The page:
Vitagene offers DNA and health testing costing from $49 to $139, and subscription-based supplements. You can upload a raw DNA data file, but cannot upload past lab results for analysis. Tests are only available in the US.
- Offers DNA and lab testing
- Affordable raw DNA upload
- History of a major security breach
- Only accepts raw DNA files from AncestryDNA, 23andMe, and MyHeritage
- Limited scope of health tests and DNA reports available
- No personalized health recommendations based on DNA results
- Tests are only available in the United States
Vitagene was founded in 2014 by Al Hariri and Reza Malek. In March 2016, the company launched personalized supplements in partnership with Douglas Laboratories and Pure Encapsulation.
The company is based in San Francisco, California, but has service providers in Chile, India, Russia, and other countries.
Vitagene offers DNA tests for health and ancestry, and at-home tests for the following health topics:
- Food sensitivity
- Vitamin D
- Blood sugar
- Heart health
- Sleep & stress
These tests can require either a saliva or a blood sample, and can be taken at home. You can also subscribe to receive supplements they claim are tailored to your DNA, although many customers report that might not be the case.
The Vitagene DNA test for health includes insights into your diet, skin, fitness, and supplements. They also provide a fairly basic ancestry report. They offer two DNA testing options that include the same basic information:
- Health + Ancestry Report (does not include updates)
- Premium Report (includes updates)
Users who already have access to their raw DNA data from 23andMe, AncestryDNA, or MyHeritage can upload their file to get access to Vitagene health reports at a lower price. Ancestry and skin health insights are not available with a raw DNA data upload.
You cannot upload past lab results to Vitagene to gain insights into your health, not even markers included in their at-home tests, such as vitamin D.
The company does not provide much information about their supplement subscription and requires that you first purchase a DNA test to learn more.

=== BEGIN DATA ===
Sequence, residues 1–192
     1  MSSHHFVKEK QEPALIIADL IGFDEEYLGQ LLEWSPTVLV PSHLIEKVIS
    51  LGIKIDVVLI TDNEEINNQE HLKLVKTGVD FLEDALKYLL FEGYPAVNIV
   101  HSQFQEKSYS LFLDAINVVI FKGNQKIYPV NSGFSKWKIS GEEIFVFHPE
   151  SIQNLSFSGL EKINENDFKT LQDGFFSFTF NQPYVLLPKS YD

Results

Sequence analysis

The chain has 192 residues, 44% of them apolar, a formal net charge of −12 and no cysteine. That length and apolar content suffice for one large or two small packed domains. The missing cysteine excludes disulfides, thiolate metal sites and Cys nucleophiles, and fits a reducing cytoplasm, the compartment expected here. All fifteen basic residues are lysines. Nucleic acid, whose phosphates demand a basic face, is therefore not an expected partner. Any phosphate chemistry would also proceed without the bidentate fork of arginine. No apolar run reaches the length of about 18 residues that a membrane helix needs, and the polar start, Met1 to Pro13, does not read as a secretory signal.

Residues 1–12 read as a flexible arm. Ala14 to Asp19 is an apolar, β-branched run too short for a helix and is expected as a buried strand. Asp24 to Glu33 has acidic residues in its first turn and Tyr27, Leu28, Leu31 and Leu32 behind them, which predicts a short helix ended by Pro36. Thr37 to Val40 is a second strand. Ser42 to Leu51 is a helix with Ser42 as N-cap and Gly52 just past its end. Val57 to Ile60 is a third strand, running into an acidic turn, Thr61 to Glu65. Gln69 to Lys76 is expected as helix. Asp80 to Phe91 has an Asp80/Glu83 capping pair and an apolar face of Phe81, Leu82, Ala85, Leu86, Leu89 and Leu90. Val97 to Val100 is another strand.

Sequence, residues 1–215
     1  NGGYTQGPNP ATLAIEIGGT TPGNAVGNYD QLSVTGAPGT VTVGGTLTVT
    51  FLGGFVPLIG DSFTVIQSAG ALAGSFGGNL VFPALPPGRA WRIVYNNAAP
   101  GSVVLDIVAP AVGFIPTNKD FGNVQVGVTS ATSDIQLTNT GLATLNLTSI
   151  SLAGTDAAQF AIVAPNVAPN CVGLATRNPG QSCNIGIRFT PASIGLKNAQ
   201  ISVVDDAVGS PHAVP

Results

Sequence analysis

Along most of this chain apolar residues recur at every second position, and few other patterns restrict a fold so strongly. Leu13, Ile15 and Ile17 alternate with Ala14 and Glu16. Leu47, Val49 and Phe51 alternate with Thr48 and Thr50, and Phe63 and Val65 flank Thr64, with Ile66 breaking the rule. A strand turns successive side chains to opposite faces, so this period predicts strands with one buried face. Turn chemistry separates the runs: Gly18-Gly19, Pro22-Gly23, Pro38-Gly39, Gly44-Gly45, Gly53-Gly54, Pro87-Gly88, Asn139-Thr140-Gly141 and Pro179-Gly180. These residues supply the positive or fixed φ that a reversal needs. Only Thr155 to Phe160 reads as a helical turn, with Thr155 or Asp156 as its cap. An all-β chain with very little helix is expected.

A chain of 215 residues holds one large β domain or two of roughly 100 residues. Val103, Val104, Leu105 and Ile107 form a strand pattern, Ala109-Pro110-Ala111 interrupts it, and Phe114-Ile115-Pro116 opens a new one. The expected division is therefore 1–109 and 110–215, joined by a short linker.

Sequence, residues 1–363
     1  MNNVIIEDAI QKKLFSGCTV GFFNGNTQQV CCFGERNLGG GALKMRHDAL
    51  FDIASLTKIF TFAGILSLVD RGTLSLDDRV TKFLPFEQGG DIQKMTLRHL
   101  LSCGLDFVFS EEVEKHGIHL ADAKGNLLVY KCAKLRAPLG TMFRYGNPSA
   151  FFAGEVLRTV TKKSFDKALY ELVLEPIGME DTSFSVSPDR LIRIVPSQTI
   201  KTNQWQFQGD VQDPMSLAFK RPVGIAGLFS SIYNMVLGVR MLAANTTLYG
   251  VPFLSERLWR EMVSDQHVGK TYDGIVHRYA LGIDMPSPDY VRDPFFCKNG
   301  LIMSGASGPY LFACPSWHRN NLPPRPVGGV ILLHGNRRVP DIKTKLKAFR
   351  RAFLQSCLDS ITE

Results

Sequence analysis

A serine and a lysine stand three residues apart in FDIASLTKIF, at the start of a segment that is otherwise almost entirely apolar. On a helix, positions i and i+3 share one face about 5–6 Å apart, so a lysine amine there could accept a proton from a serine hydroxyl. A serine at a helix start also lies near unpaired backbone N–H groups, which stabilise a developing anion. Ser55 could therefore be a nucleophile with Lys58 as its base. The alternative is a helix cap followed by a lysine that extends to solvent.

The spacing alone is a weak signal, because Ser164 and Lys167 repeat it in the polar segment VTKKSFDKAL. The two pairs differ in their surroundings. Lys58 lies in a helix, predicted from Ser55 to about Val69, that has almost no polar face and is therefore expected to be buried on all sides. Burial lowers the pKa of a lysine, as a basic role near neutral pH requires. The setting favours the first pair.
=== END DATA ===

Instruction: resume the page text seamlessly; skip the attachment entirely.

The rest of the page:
Vitagene DNA test results are available within 4 to 6 weeks after the sample was received by the lab. The ancestry report offers fairly basic information, identifying your ethnic makeup within 23 geo-regions. You can view a sample below.
When it comes to health, Vitagene divides their reports into different categories:
- Diet: Includes traits such as gluten sensitivity, caffeine metabolism, cholesterol levels, and others.
- Skin: Provides genetic risks for acne, eczema, and other skin conditions.
- Supplement: Includes genetic risks for 13 nutrient deficiencies.
- Fitness: Advises on exercise behavior, weight response to exercise, blood pressure, and others.
Users can learn more about each trait by browsing the categories described above, as can be seen in the sample report below.
You can expand on each trait by clicking on it. Vitagene provides a brief explanation of the trait and displays your likelihood of developing it. The report also includes how much genetics or lifestyle can influence each trait and offers some recommendations on how to improve it.
These suggestions do not appear to be personalized to each user’s unique genetic variations, as you can view from the sample report below for vitamin D.
As can be seen, Vitagene does not explain how genetics plays a role in each recommendation, or why it applies to your unique genetic makeup. The suggestions are very general and could be applied to anyone.
Below you will find another sample report for carbohydrate metabolism. The report does include a table with which SNPs were tested, but they do not explain how each SNP affects traits or why each recommendation is made based on the results.
From the image above, it appears that the report was generated based on one single SNP, possibly leaving out many that can affect overall health. For example, Vitagene tells this user to eat complex carbs because, based on this SNP, they are a slow carbohydrate metabolizer.
However, the test does not take into account other variants that may play a role. For example, if you have a particular TCF7L2 gene variant, you might not be able to handle carbs well, even whole grains. In this case, resistant starch might be more beneficial to you.
An interesting feature from Vitagene is the option of creating a workout plan and seeing how many calories you burn. You can choose different exercises and set the frequency and duration for each one. The company also informs you of some general benefits of these exercises
Lab tests offered by Vitagene are fairly limited. They only have 8 at-home health tests you can choose from, and you cannot upload past test results to gain insights into your health. Vitagene also does not inform you if your labs are in their optimal range, which is a far more useful metric to have for those who want to take control of their health.